Waitrose Taps Gas-Powered Merc Sprinters to Slash Carbon Footprint

Kharl Prado February 28, 2011

Bracknell-based UK upmarket supermarket chain Waitrose has just acquired a quintet of Mercedes-Benz Sprinter NGT models. NGT stands for Natural Gas Technology, and this means that the Sprinters all run on Liquid Bio-methane, sustainable natural gas that was made from landfill gas. The move aims to bolster Waitrose’s green initiatives as the vans operate from locations outside London.

“This is a very exciting project,” said Ray Collington, who works as the fleet engineer for Waitrose parent company, the John Lewis Partnership. “We are committed to reducing our CO2 footprint, which is why much of our own food waste goes back into anaerobic digestion.”

The five NGT Sprinters were supplied by Rygor Commercials in Reading. Each weighs 3.5 tons, equipped with Hubbard refrigeration units and insulated bodies created by Gray & Adams. There are also a variety of other NGT panel vans such as dropsiders, chassis cabs, and Traveliner minibus options. There’s also a 5.0-ton variant of the NGT chassis cab.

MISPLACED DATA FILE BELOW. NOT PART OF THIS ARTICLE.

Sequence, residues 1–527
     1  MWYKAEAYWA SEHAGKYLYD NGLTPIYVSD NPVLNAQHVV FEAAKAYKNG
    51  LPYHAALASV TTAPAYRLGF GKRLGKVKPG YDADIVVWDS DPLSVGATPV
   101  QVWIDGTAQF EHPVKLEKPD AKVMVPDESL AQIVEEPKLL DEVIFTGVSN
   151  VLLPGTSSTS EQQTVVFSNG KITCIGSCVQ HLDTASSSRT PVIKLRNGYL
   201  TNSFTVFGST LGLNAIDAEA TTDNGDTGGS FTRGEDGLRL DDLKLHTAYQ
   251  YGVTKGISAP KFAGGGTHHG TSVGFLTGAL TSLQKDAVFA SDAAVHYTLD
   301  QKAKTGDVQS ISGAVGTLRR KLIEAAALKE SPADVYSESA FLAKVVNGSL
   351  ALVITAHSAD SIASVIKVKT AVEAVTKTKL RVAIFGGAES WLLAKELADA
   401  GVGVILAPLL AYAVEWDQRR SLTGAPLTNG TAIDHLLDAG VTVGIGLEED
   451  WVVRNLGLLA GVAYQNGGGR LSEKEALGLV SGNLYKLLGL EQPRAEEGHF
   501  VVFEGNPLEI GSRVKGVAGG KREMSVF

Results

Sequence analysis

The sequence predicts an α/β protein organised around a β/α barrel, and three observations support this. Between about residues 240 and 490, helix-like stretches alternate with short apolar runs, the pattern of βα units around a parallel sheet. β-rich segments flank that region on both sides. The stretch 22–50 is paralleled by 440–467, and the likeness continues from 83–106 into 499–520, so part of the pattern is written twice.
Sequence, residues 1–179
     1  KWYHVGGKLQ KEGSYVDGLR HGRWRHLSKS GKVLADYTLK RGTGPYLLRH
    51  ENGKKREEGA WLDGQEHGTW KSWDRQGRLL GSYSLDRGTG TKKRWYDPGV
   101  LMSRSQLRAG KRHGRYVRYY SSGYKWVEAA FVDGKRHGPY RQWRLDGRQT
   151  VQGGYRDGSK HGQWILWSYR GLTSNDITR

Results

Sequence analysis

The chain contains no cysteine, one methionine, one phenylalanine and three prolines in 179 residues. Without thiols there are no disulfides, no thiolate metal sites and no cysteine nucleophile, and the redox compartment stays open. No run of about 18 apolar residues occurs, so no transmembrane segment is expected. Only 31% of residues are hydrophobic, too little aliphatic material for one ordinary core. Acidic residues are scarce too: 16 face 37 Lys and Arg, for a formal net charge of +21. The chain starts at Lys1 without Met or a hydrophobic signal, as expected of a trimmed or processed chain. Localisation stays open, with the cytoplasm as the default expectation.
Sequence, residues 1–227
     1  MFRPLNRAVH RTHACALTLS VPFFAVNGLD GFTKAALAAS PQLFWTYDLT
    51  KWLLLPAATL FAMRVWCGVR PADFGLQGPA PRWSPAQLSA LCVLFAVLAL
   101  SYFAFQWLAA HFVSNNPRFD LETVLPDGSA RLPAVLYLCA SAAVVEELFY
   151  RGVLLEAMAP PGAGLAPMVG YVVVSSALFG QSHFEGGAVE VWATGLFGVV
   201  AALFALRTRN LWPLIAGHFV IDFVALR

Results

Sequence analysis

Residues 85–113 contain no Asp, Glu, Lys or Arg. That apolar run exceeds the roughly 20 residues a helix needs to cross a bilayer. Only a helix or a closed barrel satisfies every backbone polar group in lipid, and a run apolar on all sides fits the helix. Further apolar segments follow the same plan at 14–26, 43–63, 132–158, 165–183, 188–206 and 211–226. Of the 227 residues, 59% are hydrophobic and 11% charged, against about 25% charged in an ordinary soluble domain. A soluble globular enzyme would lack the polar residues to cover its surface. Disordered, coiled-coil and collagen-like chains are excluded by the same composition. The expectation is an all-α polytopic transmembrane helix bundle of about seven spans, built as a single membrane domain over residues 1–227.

“We’re keen to learn as much as we can from these new vehicles, because we firmly believe that gas has a viable future as an alternative fuel source,” added Collington. “Bio-methane gives us a high-performance fuel produced using locally-sourced, sustainable materials – it is a genuine alternative to diesel for us in some applications.”

Waitrose has a total of 244 stores in England, Scotland and Wales and is constantly proclaimed “Britain’s favourite supermarket.”

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